The birth of the first child from egg donation is reported in Australia in 1983 at the Monash IVF clinic. In the United States of America, the first report of a child born from egg donation was in 1984 at Harbor UCLA Medical Center and the University of California at Los Angeles School of Medicine. Since then and until today only in the U.S, it is estimated that around 50.000 children have been born using this technique.
The egg donor is a woman that:
→ Undergoes her own IVF treatment and produces supernumerary oocytes after ovarian stimulation or
→ Will undergo an ovarian stimulation cycle, motivated by altruism alone, in order to donate all oocytes produced.
Current technology allows the cryopreservation of donor oocytes. However, it is better to use donor eggs in a fresh cycle, when all oocytes are kept in culture and fertilized after egg retrieval.
A woman who receives IVF treatment and has a high number of oocytes retrieved can decide to donate a part of her own eggs to another woman (anonymous recipient) who needs a donor. Every woman who accepts to donate part of her eggs usually receives a significant discount on the costs of her own IVF treatment.
Egg donation is the process by which a woman, anonymous (not known by the recipient) or non-anonymous (known by the recipient), donates all her oocytes for purposes of assisted reproduction to one or more anonymous or not recipients.
The egg donor receives medication for ovarian stimulation, in order to stimulate the production of multiple follicles and finally collect the oocytes during oocyte retrieval. After oocyte retrieval, all oocytes are donated to one or more recipients.
Depending on the country and the legal status, the donor is compensated for any clinical or traveling expenses and lost work hours. Compensation for egg donation is not considered as an exchange for or purchase of eggs.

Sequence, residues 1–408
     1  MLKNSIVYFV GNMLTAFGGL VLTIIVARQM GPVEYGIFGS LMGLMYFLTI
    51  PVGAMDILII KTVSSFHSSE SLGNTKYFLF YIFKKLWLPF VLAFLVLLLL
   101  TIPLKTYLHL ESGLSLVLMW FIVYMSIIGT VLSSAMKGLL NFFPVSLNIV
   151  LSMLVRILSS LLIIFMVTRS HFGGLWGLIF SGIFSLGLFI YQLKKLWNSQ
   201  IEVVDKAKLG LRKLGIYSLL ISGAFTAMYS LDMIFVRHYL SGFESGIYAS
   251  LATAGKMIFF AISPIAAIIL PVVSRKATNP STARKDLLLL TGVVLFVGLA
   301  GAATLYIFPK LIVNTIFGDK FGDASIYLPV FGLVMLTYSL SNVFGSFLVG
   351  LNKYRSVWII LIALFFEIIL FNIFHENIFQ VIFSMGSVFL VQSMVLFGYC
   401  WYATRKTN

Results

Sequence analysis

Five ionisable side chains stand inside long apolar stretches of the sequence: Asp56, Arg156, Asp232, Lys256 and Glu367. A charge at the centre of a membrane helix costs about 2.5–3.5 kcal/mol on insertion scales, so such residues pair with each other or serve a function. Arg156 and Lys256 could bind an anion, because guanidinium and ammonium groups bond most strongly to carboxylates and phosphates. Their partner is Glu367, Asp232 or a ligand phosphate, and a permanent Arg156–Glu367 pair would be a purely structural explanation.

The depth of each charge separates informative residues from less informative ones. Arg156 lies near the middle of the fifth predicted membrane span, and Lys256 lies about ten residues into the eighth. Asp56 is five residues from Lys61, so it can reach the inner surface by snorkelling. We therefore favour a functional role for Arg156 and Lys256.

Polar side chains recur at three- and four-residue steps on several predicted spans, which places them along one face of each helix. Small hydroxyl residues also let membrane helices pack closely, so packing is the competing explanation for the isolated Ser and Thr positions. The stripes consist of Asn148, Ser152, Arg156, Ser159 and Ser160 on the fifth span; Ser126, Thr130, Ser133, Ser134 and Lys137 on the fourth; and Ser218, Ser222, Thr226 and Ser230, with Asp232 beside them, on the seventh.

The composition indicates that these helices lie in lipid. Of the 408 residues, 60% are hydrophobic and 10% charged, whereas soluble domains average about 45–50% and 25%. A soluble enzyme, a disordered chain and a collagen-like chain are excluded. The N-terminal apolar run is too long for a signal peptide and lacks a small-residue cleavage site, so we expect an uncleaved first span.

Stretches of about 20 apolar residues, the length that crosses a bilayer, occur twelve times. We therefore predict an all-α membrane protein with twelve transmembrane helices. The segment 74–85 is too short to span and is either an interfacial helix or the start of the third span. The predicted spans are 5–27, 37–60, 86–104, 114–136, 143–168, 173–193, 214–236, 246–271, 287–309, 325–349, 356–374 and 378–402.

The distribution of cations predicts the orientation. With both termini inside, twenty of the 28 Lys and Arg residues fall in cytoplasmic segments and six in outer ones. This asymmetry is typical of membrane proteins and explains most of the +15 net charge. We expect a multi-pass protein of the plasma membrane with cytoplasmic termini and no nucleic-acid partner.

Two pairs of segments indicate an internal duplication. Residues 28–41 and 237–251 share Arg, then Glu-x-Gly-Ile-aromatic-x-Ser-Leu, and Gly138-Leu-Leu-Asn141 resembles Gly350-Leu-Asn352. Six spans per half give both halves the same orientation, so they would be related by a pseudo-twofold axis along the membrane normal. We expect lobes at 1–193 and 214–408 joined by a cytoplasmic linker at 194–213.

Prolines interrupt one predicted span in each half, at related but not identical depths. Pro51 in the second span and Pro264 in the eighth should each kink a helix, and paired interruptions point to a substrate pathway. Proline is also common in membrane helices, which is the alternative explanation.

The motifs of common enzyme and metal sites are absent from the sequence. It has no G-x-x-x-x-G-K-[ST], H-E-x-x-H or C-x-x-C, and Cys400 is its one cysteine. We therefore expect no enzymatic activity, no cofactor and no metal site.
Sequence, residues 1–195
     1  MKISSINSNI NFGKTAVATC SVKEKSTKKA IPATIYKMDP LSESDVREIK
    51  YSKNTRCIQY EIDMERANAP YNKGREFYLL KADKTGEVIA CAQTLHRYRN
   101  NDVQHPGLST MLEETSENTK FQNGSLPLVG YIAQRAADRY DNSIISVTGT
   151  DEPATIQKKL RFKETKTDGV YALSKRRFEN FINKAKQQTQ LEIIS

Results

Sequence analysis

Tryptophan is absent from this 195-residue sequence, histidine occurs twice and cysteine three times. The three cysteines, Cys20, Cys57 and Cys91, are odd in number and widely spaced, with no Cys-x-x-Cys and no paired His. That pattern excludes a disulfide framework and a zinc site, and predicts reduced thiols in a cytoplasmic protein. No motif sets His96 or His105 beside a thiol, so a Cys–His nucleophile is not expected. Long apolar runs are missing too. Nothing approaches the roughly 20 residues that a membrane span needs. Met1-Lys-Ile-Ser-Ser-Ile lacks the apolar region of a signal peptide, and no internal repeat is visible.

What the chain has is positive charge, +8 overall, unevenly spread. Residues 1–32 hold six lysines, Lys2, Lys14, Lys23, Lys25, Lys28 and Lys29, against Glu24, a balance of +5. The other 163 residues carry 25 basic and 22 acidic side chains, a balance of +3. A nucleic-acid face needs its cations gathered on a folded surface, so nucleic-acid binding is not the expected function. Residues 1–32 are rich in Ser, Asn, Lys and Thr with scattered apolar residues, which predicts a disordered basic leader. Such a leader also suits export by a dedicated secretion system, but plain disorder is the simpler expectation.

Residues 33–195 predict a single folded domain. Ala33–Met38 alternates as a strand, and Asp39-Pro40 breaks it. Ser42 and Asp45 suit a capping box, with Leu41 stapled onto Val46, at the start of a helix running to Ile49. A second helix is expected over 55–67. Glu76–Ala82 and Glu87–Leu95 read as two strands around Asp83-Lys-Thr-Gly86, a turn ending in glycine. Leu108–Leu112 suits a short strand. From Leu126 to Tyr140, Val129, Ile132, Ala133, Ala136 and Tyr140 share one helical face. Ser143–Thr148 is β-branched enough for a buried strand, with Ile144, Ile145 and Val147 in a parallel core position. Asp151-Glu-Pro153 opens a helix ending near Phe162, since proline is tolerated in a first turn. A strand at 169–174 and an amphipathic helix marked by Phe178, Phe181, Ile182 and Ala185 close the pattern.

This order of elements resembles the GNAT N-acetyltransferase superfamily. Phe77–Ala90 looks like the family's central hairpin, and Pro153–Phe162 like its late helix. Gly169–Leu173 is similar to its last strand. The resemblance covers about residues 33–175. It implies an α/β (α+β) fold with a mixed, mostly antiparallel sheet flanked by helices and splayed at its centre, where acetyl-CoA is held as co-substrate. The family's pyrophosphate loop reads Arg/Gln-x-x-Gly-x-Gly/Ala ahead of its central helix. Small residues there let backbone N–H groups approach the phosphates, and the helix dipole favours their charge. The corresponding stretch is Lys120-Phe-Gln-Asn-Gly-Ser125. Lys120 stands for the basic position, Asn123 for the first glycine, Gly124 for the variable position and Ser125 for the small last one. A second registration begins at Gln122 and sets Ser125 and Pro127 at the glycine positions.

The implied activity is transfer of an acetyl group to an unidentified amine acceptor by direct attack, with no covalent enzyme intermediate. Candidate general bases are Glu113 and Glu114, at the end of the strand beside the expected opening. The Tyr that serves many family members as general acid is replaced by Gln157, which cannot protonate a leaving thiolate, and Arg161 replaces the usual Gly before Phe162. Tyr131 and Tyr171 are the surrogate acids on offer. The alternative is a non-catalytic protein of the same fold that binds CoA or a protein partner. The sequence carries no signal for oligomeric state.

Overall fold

Egg donation models vary significantly by country (.pdf file) from being legal to totally illegal, from anonymous or non-anonymous, to with or without any compensation. As a result of these legal differences, egg donation covers a wide financial range depending on the country. For instance, in the United States (.pdf file) it costs more than 30.000 $. In contrast, in some European countries, it costs around 4.500 euros. On the other hand, in the U.S.A. egg recipients can personally choose their donor whereas this is not permitted in most European countries (.pdf file).
Who may benefit from egg donation?
Egg donation program is suitable in cases of:
1. Premature ovarian failure or menopause
2. Recurrent IVF failure
3. Recurrent pregnancy loss
4. History of poor oocyte quality
5. History of inherited or genetic disorders e.g. Diseases of X-Sex linkage, Turner syndrome, Gonadal dysgenesis)
6. Women undergoing chemotherapy
7. Poor response to ovarian stimulation
8. Women over 40.
For these couples, egg donation can significantly increase their chances of pregnancy.
How are egg donors selected?
Criteria, defined by the country’s regulations (.pdf file), for becoming an egg donor usually include:
→ Physical appearance: Egg donors that are likely to be chosen for the program, should be under 30, healthy, good – looking with a free medical and genetic history. Physical characteristics (hair colour, eye colour, height, weight) are recorded in order to match each recipient with a suitable donor.
→ Donor’s history: Most programs try to learn all they can about a donor’s past, lifestyle, genetic make-up and educational level.
→ Psychological screening: Egg donors are referred to a psychologist who will evaluate their mental health.
→ Counselling: Egg donors are informed on what to expect during the program, the medications administered, the egg retrieval procedure, possible health risks and current legislation.
→ Medical screening: Egg donors undergo a thorough genetic and blood testing in order to minimize possible health risks.
Medical screening usually involves:
1. Sexually transmitted diseases (Hepatitis Β, Hepatitis C, VDRL, HIV I & II)
2. Blood type and rhesus (Rh) factor
3. Full blood count
4. β- thallasemia testing
5. Cystic fibrosis testing
6. Hormone levels
7. Thrombophilia testing
8. Papanicolaou test (PAP – test)
9. Finally, egg donors undergo a pelvic ultrasound scan to verify optimal ovarian function.
In general, success rates may reach 60 -70% depending on the donor and the recipient.